Psychological Testing Article Analysis Essay Psychological testing is a tool to properly assess behaviors and characteristics of individuals. Results of psychological testing are often presented through statistical tables that allow evaluation and comparison of the different variables tested against set norms. This paper will review an article lifted from the Health Psychology journal and determine the appropriateness of the psychological testing instruments used in the study. For this purpose, the article chosen is â€Å"Evolution of Biopsychosocial Model: Prospects and Challenges for Health Psychology† written by Jerry Suls and Alex Rothman in 2004. Article Summary The Biopsychosocial Model has enabled health psychologists in the search for a multi-level, multi-system approach to human functioning (Suls Rothman, 2004). This idea is based on the premise that there is an intrinsic relationship between what is physical, psychological and social. However according to the research of Suls and Rothman, there are marked challenges that the model faces that have essentially impeded the progress of its full potential as a research, intervention and practice tool. The article’s ultimate goal was to determine what can be done to ensure the continuous refinement and evolution of the biopsychosocial model (Suls Rothman, 2004). As a means to determine the viability of the biopsychosocial model as a multi-faceted instrument to help explain an individual’s health psychology, Suls and Rothman resorted to the use of statistical tests in psychology. By conducting frequency tests and factor analysis, the team of Suls and Rothman came up with a list of recommendations in the model’s areas of research, training, policy and funding, and practice. These recommendations are to further utilization of the links between biological, psychological, social, and even macro-cultural variables, with the ultimate aim of enhancing health (2004). Through the tests five issues were also identified to be crucial in the progress of the biopsychosocial model as a legitimate approach to health assessment. The article concluded by highlighting the various advancements in health psychology, particularly with the biopsychosocial model. However, Suls and Rothman stressed that the full potential of the model in terms of the ability to advance the theory and practice remain untapped (2004). Only a strong commitment to the model and it implications would establish long-term success of its involvement in health psychology (Suls Rothman, 2004). Psychological Testing Instruments Used The article of Suls and Rothman did not explicitly discuss the test they used to assess the biopsychosocial model. In spite of this, it can be deduced from the tables they presented and the discussion of their findings that they relied on statistical tests in psychology in data-gathering. Statistical tests are commonly used to analyze results of a psychological research (Green D’Oliveria, 1982). In fact many social sciences, particularly psychology, necessitate the use of statistical inference to explain findings (Meehl, 1967). In this particular article where the bulk of the fact-finding are based on peer research, two statistical tests in psychology were used. Suls and Rothman conducted frequency tests two times in their research study. Frequency tests are the most helpful tool when comparing data against each other (Lane, 2004). Through frequency tests, marked differences in independent variables are clearly distinguished. To measure the progression of the biopsychosocial model as a accepted concept in health psychology, Suls and Rothman conducted a frequency test on the use of the term â€Å"biopsychosocial† in journals and articles of Medline from 1974 to 2001, totals of which were group into a 3-year period interval (2004). Suls and Rothman likewise applied a frequency test to measure the integration of behavioral approaches to medical science in the study (2004). They reviewed articles in 4 major medical journals namely New England Journal of Medicine, Lancet, Journal of the American Medical Association, and the Annals of Internal Medicine between the years of 1974 and 2001 (Suls and Rothman, 2004). Once again, they grouped the results into 3-year period intervals. From the raw frequency scores collected, they were able to produce a frequency polygon. A frequency polygon is the best way to present data gathered from frequency tests because it shows the shape of distribution of measured variables (Lane, 2004). Apart from frequency tests, Suls and Rothman also used factor analysis test. Factor analysis is one of the most commonly used statistical tests in various disciplines. It is used to determine patterns of relationships between variables (Gorsuch, 1983). In the area of psychology, factor analysis is commonly applied in intelligence research but it can also be used in other areas, like personality, behavior, belief, and even theory assessment. In this instance, factor analysis was used to assess the attitude of health psychologists towards the biopsychosocial model. The biopsychosocial model is dependent on the interaction between the biological, psychological, and social factors within an individual (Suls and Rothman, 2004). Suls and Rothman theorized that health psychologists are more likely to focus heavily on the psychological factor alone in the biopsychosocial model (2004). Therefore they used factor analysis to measure the presence of all the factors in articles written within a 12-month period, November 2001-September 2002 in Health Psychology. This particular application is called confirmatory factor analysis. It is used when the concern is to determine the number of variables that conform to a pre-determined theory set (Gorsuch, 1983). The value of this test is to assess the validity of preconceived ideas. In the case of Suls and Rothman’s study, it is the leaning of health psychologists towards psychological factors to assess an individual’s health. The article of Suls and Rothman did not make use of any standardized psychological testing instruments. The reason may be due to the fact that it is a study aimed at determining the advancement of a framework of health assessment. However, they still integrated valuable statistical testing in psychology to explain clearly the findings they have gathered. Effectiveness of the Psychological Testing Instruments Used The main premise of Suls and Rothman’s article is that the biopsychosocial model has proven remarkably successful in shaping the way health psychologists view an individual’s overall functioning (Suls and Rothman, 2004). To prove this point, the team proceeded to measure the familiarity of the concept among health psychologists by reviewing published journals in Medline, and four other notable medical journals. The raw data collected was then subjected to different statistical tests commonly applied in the field of psychology. From there Suls and Rothman were able to formulate recommendations vital to the advancement of the biopsychosocial model as a valid instrument in health assessment. The effectiveness of psychological testing is based mainly on two factors, validity and reliability. Validity measures the soundness of a test against its set objectives. On the other hand reliability measures the accuracy of the test in terms of producing consistent results. To determine whether the result of psychological testing is effective, researchers usually turn to statistical tests. In this case where no standardized psychological testing instruments were used, the effectiveness of the study may be directly correlated with the quality of the results produced by the statistical tests used by Suls and Rothman. Suls and Rothman resorted to frequency test to explain their findings on the use of â€Å"biopsychosocial† as a term in medical journals. The test confirmed their initial assumption that the biopsychosocial model has helped in advancing health psychology in the last 25 years. The frequency test showed a consistent rise in the use of â€Å"biopsychosocial† as a term in medical journals. However, Suls and Rothman are quick to stress that this may also be due to the increase of the number of articles published that deal with behavior in recent years (2004). They also used frequency test to assess the integration of behavioral approach to medical science (Suls Rothman, 2004). The results attested as well to the increased integration of behavioral approaches to medical science in the last 30 years (Suls Rothman, 2004). Finally a factor analysis test was conducted to determine the reliance of health psychologists on the variables essential to the biopsychosocial model. The factor analysis test clearly showed that health psychologists are still biased in considering psychological issues over biological, and even social. This correctly proved the initial postulation of Suls and Rothman. Considering that the statistical tests in psychology used in the research of Suls and Rothman ably supported their theory, it can be said that they were effective. However, since the study is mostly a review of journals it is not enough to completely determine the actual advancement of the biopsychosocial model as a tool for health assessment. George Schwartz in his book suggested that the biopsychosocial model faces a challenge with the use of empirical testing (1982). Empirical testing is a vital component to any psychological research. Another is that the model remains a concept in research. It has yet to transcend from research to practice, then back to research (Keefe, Buffington, Studts Rumble, 2002). This is when the recommendations of Suls and Rothman become important. They were able to identify important areas that are tangible and measurable that will help in the transition of the model from a mere conceptual framework to a fully working tool in health assessment. As a stand-alone article, Suls and Rothman presented a thorough exposition of their chosen subject. However, based on the criteria of the article review, it did not meet the standards required. The fundamental component needed in the review is psychological testing in which the article did not have. On the other hand, the statistical tests were very helpful in understanding the basis of Suls’ and Rothman’s conclusion. Considering the statistical tests were properly chosen and used, it can be concluded that in the end the article of Suls and Rothman was a success. References Gorsuch, R. (1983). Factor analysis. Hillsdale, NJ: Erlbaum Green, J. D’Oliveria, M. (1982). Learning to use statistical tests in psychology 3rd edition. NY: Open University. Keefe, F. , Buffington, A. , Studts, J. , Rumble, M. (2002). Behavioral medicine: 2002 and beyond. Journal of Consulting and Clinical Psychology, 70, 852-856. Lane, D. (2004, Augus 10). Frequency polygons. Connections. Retrieved August 25, 2010,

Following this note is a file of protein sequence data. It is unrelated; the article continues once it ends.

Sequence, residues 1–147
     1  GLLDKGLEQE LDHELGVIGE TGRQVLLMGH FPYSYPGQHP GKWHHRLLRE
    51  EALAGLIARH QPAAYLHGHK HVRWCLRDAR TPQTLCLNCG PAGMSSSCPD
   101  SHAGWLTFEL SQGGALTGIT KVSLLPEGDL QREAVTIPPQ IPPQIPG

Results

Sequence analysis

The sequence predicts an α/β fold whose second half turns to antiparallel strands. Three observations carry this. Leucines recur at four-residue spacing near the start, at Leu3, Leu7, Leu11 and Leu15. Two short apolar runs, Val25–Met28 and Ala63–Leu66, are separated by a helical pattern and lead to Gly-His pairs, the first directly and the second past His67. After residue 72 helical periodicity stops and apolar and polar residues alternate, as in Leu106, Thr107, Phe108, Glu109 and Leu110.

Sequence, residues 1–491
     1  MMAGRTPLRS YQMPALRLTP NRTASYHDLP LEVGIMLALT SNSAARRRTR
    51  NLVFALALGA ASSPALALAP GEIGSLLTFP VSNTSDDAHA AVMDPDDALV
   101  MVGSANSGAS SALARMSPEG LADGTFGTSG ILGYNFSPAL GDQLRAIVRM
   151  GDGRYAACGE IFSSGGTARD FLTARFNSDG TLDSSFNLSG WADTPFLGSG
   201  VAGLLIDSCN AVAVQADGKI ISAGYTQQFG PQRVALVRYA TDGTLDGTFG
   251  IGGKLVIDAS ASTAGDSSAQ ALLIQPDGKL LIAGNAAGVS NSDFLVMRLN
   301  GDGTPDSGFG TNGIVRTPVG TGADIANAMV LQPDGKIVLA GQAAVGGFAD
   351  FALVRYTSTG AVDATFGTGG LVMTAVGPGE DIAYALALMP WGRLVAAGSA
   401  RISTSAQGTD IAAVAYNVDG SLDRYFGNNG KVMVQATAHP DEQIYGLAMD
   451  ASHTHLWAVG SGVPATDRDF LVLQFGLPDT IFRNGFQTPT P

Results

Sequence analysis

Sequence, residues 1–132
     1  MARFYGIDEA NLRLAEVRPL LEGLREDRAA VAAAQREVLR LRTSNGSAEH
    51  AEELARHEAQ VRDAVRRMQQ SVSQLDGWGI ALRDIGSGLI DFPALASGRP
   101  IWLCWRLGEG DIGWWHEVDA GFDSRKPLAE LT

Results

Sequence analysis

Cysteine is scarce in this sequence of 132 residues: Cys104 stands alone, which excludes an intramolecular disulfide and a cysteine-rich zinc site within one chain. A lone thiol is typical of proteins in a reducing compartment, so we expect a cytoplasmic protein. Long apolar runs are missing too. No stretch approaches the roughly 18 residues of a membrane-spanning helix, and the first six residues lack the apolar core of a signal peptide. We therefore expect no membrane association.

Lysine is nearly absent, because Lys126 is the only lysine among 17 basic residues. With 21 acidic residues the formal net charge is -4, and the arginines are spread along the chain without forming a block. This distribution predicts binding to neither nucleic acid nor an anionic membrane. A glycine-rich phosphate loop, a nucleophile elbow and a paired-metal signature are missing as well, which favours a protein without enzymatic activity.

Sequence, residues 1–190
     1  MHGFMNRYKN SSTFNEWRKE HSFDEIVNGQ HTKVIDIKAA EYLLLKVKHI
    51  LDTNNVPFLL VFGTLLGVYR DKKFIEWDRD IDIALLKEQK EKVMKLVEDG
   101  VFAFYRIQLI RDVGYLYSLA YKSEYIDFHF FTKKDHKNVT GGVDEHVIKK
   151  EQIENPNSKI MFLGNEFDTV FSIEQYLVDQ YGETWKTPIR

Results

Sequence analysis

Wednesday, January 22, 2020